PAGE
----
Clare’s presentation at Acadiana Wordlab 1-25-14

Margaret Simon who blogs at Reflections on the Teche asked me for the prompts I gave at Acadiana Wordlab yesterday because she couldn’t attend. She is a dedicated and talented poet who always challenges herself, even when she can’t be with us for Wordlab.

Here you go, Margaret!

Memento Mori

A memento mori (Latin ‘remember that you will die’) is an artistic or symbolic reminder of the inevitability of death.

There are items before you: a key, a wedding band, a butterfly, a Thunderbird, a crucifix, an empty journal, a mask, and a broken watch. Choose one and write how this is a symbol of your mortality.

MEMENTO MORI

A man walks across water
on stones. Notices a crow
sinking in the blue sky.
He steps onto earth,
leaning momentarily
against a cedar sapling.
Pines etch and sway.
The creek laughs. The man thinks
of endings and beginnings—
his youngest daughter’s
daisy-eyes.
He slips his hand into his pocket,
fingering the dry skull
of a hummingbird. And it is cold
spring again: the iridescent
hummingbird is caught
in a spider’s web.
The spider silk enwrapping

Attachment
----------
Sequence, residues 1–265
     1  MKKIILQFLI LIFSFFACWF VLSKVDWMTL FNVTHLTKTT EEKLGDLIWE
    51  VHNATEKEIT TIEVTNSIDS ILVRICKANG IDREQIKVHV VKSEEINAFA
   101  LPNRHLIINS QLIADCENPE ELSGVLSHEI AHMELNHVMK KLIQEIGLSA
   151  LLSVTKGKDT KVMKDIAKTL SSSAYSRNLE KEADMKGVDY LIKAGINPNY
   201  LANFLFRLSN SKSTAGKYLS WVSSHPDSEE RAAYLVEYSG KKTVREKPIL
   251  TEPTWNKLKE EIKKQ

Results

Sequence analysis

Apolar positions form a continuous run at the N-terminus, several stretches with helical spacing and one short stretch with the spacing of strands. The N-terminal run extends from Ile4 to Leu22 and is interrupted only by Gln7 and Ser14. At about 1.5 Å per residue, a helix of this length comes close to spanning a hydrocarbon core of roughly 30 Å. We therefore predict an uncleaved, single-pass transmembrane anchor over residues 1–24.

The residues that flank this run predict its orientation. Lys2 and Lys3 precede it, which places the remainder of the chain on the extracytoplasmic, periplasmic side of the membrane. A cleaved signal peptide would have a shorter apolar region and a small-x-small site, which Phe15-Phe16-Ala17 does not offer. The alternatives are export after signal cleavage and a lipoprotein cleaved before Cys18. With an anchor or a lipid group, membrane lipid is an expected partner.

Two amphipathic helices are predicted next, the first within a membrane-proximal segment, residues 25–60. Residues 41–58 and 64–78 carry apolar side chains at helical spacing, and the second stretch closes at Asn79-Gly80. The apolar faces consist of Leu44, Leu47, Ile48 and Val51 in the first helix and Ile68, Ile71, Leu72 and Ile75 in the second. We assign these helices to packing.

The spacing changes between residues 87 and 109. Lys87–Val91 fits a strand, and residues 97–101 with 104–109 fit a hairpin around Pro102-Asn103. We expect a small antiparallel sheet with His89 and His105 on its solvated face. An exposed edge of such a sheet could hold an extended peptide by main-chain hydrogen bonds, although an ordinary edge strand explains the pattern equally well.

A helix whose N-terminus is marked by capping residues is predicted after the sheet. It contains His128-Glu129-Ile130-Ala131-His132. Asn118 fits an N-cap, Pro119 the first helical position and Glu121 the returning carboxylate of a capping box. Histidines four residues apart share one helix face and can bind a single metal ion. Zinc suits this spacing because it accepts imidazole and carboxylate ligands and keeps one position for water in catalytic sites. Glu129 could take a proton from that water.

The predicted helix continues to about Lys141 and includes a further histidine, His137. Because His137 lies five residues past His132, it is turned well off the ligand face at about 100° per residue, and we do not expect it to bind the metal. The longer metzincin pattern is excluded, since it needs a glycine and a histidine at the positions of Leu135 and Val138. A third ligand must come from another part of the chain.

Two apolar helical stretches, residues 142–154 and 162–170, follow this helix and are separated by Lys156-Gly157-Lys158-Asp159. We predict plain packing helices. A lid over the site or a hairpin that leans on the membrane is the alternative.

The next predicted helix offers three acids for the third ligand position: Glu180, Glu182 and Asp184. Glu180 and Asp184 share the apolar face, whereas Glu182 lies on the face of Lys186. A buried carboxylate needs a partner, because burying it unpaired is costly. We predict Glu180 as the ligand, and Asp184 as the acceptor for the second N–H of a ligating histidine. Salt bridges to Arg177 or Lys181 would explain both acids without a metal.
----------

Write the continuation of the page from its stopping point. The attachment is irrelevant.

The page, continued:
the tiny bird holds bones together.
He picks at the feathers
sodden with rot.
He opens like a fan
the thin-as-paper wings.
Bones disarrayed, drift
to the ground in silence.

©CLM First published in Press 1.

Dark Hours

I LOVE THE DARK HOURS OF MY BEING
by Rainer Maria Rilke

I love the dark hours of my being.
My mind deepens into them.
There I can find, as in old letters,
the days of my life, already lived,
and held like a legend, and understood.

Then the knowing comes: I can open
to another life that’s wide and timeless.

So I am sometimes like a tree
rustling over a gravesite
and making real the dream
of the one its living roots
embrace:

a dream once lost
among sorrows and songs.

Translated by Anita Barrows and Joanna Macy

  • What do you love about the dark hours of your being?
  • How does darkness impact and affect us?
  • Do you access a different knowledge within the dark hours of your being?

Darkness can be comforting or disturbing. Write something of darkness, whether it is a setting or a place within you, or the darker aspects of your being.

I had a third exercise which was simply about writing out emotions or events with emotional impact in metaphor to “disguise” the actual facts, but to get at truth.

If anyone decides to use these prompts, please credit me and let me know!  Thanks and be well!
Clare

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2 thoughts on “Clare’s presentation at Acadiana Wordlab 1-25-14

  1. Pingback: Acadiana Wordlab and My Productivity | Clare L. Martin

  2. Pingback: Celebrating Writers and Readers | Reflections on the Teche

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